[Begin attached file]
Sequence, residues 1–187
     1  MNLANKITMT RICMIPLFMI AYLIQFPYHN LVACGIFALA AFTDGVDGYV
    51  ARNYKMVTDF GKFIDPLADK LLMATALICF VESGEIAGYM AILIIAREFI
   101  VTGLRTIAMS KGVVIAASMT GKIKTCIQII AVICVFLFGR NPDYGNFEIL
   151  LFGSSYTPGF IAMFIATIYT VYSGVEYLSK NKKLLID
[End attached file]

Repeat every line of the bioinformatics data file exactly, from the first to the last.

Sequence, residues 1–187
     1  MNLANKITMT RICMIPLFMI AYLIQFPYHN LVACGIFALA AFTDGVDGYV
    51  ARNYKMVTDF GKFIDPLADK LLMATALICF VESGEIAGYM AILIIAREFI
   101  VTGLRTIAMS KGVVIAASMT GKIKTCIQII AVICVFLFGR NPDYGNFEIL
   151  LFGSSYTPGF IAMFIATIYT VYSGVEYLSK NKKLLID